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Rock - Released May 21, 2021 | BMG Rights Management (UK) Ltd

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Rock - Released April 11, 1969 | Columbia

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John Wesley Harding suggested country with its textures and structures, but Nashville Skyline was a full-fledged country album, complete with steel guitars and brief, direct songs. It's a warm, friendly album, particularly since Bob Dylan is singing in a previously unheard gentle croon -- the sound of his voice is so different it may be disarming upon first listen, but it suits the songs. While there are a handful of lightweight numbers on the record, at its core are several excellent songs -- "Lay Lady Lay," "To Be Alone With You," "I Threw It All Away," "Tonight I'll Be Staying Here With You," as well as a duet with Johnny Cash on "Girl From the North Country" -- that have become country-rock standards. And there's no discounting that Nashville Skyline, arriving in the spring of 1969, established country-rock as a vital force in pop music, as well as a commercially viable genre. © Stephen Thomas Erlewine /TiVo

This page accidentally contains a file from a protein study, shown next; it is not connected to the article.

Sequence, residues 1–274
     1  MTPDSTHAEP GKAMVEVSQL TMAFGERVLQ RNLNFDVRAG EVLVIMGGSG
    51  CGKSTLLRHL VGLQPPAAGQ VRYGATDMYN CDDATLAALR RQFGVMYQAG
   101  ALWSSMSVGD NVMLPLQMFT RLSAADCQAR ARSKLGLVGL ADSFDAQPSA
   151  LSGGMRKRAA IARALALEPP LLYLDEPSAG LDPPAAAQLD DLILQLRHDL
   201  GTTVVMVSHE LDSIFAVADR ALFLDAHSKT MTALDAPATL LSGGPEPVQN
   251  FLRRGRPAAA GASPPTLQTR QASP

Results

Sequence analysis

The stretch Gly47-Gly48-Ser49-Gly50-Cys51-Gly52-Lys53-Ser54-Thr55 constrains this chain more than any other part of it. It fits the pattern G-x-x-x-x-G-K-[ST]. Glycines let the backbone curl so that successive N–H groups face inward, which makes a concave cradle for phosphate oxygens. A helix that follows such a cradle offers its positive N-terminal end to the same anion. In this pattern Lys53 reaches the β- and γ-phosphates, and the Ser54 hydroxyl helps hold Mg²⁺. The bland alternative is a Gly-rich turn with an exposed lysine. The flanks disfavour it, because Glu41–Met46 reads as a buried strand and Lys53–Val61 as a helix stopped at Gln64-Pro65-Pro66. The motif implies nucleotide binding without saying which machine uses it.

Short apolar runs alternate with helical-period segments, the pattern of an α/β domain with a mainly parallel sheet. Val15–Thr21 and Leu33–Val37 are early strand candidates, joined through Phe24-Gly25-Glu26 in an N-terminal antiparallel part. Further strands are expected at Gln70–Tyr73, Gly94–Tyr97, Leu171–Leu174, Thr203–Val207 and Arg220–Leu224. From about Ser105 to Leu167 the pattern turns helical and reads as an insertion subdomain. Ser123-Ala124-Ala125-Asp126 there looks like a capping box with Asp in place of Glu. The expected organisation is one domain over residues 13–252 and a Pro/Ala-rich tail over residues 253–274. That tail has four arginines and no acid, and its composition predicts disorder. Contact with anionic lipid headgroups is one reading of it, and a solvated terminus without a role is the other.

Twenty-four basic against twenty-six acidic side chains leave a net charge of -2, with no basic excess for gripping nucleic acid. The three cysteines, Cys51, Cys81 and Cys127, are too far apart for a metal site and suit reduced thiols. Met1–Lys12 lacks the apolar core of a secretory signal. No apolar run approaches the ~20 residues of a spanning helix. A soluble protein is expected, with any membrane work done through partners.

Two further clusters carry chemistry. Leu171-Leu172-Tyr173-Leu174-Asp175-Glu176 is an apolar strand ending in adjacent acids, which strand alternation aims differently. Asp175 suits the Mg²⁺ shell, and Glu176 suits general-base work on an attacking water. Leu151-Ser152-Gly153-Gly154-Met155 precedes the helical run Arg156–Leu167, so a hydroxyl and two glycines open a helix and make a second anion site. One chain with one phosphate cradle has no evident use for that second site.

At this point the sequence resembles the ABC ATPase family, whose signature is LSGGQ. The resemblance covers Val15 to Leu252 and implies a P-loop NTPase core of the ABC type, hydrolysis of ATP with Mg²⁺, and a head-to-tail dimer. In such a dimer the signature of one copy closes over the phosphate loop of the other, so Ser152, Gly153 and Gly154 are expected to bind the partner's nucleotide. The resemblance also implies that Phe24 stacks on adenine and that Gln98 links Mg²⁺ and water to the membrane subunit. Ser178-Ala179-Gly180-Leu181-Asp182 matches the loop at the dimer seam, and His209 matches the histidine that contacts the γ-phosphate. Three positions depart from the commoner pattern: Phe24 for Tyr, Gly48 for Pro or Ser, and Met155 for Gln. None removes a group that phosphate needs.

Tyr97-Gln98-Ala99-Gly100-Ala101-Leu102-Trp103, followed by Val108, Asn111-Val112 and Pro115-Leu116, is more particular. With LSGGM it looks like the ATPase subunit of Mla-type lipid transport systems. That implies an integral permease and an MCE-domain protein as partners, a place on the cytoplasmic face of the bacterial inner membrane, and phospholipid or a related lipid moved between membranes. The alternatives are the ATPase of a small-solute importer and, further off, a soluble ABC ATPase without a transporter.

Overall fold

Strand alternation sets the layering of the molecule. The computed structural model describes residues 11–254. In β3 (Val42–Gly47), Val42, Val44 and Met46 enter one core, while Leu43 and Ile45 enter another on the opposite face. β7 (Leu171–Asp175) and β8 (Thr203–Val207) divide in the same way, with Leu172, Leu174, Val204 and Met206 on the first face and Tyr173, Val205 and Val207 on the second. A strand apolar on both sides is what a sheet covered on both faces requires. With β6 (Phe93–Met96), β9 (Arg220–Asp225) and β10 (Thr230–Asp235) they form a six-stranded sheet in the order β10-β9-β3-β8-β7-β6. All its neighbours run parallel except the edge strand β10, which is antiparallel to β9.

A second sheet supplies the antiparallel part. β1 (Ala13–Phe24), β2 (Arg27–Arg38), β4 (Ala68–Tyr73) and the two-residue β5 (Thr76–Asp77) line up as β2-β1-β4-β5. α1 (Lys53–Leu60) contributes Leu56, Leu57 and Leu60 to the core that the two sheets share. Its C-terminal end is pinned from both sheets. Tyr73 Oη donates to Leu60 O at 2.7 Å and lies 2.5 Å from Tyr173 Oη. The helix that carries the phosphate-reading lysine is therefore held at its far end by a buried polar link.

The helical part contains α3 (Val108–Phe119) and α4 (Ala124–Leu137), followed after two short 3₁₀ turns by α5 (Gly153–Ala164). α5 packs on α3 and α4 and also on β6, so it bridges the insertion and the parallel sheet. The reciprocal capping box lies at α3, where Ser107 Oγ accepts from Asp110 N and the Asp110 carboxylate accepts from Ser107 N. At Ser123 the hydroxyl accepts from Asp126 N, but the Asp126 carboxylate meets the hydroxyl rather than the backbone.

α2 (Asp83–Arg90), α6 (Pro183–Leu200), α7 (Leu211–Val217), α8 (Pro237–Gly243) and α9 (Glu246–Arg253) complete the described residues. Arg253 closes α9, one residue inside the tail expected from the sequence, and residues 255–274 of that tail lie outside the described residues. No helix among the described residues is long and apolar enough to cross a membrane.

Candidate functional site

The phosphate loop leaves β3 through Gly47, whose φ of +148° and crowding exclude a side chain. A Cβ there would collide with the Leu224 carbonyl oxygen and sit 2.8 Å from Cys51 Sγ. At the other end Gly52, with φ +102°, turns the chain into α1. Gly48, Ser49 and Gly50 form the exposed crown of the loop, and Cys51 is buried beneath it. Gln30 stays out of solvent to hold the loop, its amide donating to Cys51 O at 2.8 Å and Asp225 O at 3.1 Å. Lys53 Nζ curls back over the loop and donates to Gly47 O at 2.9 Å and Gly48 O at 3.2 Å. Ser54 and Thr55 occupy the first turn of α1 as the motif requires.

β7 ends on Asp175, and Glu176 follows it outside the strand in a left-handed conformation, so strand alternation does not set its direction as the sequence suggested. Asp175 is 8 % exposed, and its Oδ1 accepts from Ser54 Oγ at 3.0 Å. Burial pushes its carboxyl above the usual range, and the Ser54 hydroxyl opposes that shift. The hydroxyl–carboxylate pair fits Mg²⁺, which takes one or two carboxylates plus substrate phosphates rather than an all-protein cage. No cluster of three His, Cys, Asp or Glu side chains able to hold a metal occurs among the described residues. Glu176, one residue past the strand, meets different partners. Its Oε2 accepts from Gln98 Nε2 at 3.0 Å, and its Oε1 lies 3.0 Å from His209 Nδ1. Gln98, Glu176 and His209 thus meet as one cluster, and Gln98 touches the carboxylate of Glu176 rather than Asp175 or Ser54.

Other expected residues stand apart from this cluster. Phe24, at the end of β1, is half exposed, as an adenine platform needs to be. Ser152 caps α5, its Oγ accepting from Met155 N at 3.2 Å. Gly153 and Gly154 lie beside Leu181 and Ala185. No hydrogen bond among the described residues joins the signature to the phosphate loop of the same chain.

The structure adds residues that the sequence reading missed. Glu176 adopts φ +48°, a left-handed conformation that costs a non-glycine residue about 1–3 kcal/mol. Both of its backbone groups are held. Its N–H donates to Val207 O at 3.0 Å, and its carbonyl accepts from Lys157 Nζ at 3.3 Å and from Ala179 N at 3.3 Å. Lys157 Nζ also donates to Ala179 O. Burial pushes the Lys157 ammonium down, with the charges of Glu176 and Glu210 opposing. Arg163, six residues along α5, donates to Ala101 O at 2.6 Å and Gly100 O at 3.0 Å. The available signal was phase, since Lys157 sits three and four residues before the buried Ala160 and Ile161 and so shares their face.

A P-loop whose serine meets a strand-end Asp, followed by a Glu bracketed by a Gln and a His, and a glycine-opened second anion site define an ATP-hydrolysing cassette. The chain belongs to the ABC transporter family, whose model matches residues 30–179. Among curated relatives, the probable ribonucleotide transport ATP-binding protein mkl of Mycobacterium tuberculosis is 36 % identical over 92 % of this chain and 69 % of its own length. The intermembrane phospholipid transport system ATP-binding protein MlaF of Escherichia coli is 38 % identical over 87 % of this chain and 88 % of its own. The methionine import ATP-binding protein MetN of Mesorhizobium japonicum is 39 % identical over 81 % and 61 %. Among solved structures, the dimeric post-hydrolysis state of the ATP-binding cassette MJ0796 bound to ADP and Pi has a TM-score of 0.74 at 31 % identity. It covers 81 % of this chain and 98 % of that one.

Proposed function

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Pop/Rock - Released January 16, 1976 | Columbia

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If Blood on the Tracks was an unapologetically intimate affair, Desire is unwieldy and messy, the deliberate work of a collective. And while Bob Dylan directly addresses his crumbling relationship with his wife, Sara, on the final track, Desire is hardly as personal as its predecessor, finding Dylan returning to topical songwriting and folk tales for the core of the record. It's all over the map, as far as songwriting goes, and so is it musically, capturing Dylan at the beginning of the Rolling Thunder Revue era, which was more notable for its chaos than its music. And, so it's only fitting that Desire fits that description as well, as it careens between surging folk-rock, Mideastern dirges, skipping pop, and epic narratives. It's little surprise that Desire doesn't quite gel, yet it retains its own character -- really, there's no other place where Dylan tried as many different styles, as many weird detours, as he does here. And, there's something to be said for its rambling, sprawling character, which has a charm of its own. Even so, the record would have been assisted by a more consistent set of songs; there are some masterpieces here, though: "Hurricane" is the best-known, but the effervescent "Mozambique" is Dylan at his breeziest, "Sara" at his most nakedly emotional, and "Isis" is one of his very best songs of the '70s, a hypnotic, contemporized spin on a classic fable. This may not add up to a masterpiece, but it does result in one of his most fascinating records of the '70s and '80s -- more intriguing, lyrically and musically, than most of his latter-day affairs. © Stephen Thomas Erlewine /TiVo